One of the stand out tracks on the previous album was Good With His Hands, the poignant tale of his father and the wife who left him. Itâs an event to which he returns here on Donât Give Up, a track where he sounds a lot like the young Harvey Andrews. But he brings a more balanced perspective and while the songâs a retrospective encouragement to dad and he may refer to his late mother as a homebreaker and âcheating and unfaithful wifeâ who he felt had deserted him, he also finds compassion for a woman with an unsatisfied need to be loved, and, in a kind of forgiveness, acknowledges the influence she had in making him who he is. Itâs a wonderful epiphany. And, almost in acknowledgement of a burden of bitterness lifted, thereâs a bonus track, Itâs Me Or Elvis, that plays out the whole domestic strife in tongue in cheek fashion, complete with lyrics that weave in Presley song titles.
Itâs a gem of an album that fully deserves to bring him some long overdue acclaim beyond his loyal but somewhat localised following.
AMERICANA REVIEW AUGUST 06
Having been a fan of Reg Meuross since the âThe Goodbye Hatâ days in â94, I was looking forward to his latest album. Not having released an album for another 10 years when âShort Storiesâ came out, âStillâ then appears a mere two years later. Like buses - nothing for ages and two trundle along in such a short space of time.
Meuross has such a lovely voice that you canât fail to like it... itâs the angst in his voice. Itâs all in the meaning. Thatâs what counts, and Meuross has plenty of that.
Having played music for more than 20 years he knows how it all works. Those years have provided lots of material from which to draw. Not only has always written his own material, but heâs also previously undergone stints in The Panic Brothers, The Flamingos and Hank Wangfordâs band The Lost Cowboys. On this album heâs rejoined by the some of the musicians who made âShort Storiesâ such a success. Notably John âRabbitâ Bundrick, Miranda Sykes and Roy Dodds.
This album continues his autobiographical observations of his parents relationship and further outlines the original story of how their separation impacted on him. During the Short Stories song âGood with his Handsâ he explains some of the mistakes his mother had made during her life and how his father had dealt with it; âHe was good with his hands but hopeless in loveâ. His motherâs subsequent lonely demise is then further outlined here in âDonât Give Upâ; âIâm the son of a homebreaker, two timing lovemaker, cheating and unfaithful wifeâ¦..she lived out her days in her own single bed and I buried her close to her friends. Her need to be loved was an unending song, so she settled at last for a need to belong.â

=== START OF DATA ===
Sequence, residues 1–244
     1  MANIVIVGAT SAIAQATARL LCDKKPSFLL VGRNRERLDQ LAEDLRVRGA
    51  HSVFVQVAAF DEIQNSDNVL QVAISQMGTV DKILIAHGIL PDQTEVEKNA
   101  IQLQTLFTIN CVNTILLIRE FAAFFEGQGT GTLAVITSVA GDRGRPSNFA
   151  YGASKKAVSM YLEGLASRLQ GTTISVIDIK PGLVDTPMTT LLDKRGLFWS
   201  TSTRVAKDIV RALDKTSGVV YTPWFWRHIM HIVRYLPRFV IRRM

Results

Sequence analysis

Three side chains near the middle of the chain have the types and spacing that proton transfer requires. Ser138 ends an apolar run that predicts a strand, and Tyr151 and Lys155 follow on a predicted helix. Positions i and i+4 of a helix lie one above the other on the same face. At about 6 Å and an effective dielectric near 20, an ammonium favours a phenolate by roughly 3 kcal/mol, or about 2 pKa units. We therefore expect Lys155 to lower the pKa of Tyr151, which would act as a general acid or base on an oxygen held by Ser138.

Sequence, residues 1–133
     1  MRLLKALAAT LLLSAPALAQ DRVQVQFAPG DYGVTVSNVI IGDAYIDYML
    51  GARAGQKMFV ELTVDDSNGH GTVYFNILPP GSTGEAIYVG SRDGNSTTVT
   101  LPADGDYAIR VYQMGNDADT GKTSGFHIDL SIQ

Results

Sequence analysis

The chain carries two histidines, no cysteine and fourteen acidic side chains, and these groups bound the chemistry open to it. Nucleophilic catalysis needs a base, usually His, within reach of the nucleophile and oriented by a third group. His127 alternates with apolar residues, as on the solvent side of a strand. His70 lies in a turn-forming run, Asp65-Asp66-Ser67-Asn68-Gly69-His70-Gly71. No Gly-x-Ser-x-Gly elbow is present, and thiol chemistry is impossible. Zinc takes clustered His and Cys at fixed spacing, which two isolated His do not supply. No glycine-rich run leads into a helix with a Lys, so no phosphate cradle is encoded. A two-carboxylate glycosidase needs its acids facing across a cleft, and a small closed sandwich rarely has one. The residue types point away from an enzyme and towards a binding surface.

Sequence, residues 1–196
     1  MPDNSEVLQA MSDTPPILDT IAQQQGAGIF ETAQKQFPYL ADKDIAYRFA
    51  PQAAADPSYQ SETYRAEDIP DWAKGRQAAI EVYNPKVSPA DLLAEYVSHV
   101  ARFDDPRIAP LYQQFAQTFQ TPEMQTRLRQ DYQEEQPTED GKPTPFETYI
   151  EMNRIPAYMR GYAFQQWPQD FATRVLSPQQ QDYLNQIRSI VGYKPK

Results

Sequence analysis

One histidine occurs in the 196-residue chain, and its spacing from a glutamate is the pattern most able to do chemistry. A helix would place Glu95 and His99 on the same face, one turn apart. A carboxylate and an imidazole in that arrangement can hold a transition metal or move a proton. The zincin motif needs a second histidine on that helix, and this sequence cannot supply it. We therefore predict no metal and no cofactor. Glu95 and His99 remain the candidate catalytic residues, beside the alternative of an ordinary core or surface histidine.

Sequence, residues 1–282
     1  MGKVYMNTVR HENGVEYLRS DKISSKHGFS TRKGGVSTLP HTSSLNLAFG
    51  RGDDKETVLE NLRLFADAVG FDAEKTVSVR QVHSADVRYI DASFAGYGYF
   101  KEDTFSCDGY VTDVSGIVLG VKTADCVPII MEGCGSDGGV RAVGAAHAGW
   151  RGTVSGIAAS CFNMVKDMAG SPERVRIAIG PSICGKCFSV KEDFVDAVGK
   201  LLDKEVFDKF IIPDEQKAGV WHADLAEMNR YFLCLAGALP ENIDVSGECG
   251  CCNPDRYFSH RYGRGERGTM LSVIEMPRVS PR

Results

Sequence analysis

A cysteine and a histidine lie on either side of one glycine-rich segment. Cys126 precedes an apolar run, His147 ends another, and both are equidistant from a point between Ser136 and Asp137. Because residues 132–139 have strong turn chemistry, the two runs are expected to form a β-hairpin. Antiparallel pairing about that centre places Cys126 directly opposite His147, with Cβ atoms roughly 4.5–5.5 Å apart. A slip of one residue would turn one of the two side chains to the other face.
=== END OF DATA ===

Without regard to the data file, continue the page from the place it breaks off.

His mother (not unsurprisingly) impacted on his life and the encouragement sheâd bestowed on her son to do what was right, can be felt throughout this album. Perhaps you can identify with some of these stories, whilst also fully sympathising with her predicament. As they say, let those with no stonesâ¦â¦â¦â¦.
Like Dougie Maclean, Meuross outlines topics and subjects that maybe you donât think have any bearing or impact on your life, but his lyrics engage you right from the off. And then you realise they could be about you. Most artistsâ songs either bring you in and touch part of your being or provide aspirations as to where you wish to be. Meurossâ do both.
Some songs are interchangeable. For example one of the standout tracks, âThe Man in Edward Hopperâs Barâ, (as depicted in Hoppers painting Nighthawks, of the guy sat at the bar) sounds like âAll I Wantâ with their similar phrasing and song structure. But this doesnât detract from their quality. Both are pure class.
In fact this âsameyâ accusation could be levelled at a number of Meurossâ songs. Some of them sound the same but are entirely different, particularly if mixed in with those on Short Stories. But just listen to the words closely and they then take on a wholly different meaning. Good artists can do that - bring you in with a familiar melody and then sucker you with the lyrics. Look at Ryan Adams.
âThe Poacherâ features Martin Carthy which allows Meuross to explore his medieval folk leanings, which adds to the number of other genres he covers; notably the old school country of âDown to the Riverâ and the west coast version of Tim Buckleyâs âMorning Gloryâ the only cover here.
Reg Meuross is that rare breed, a true English troubadour.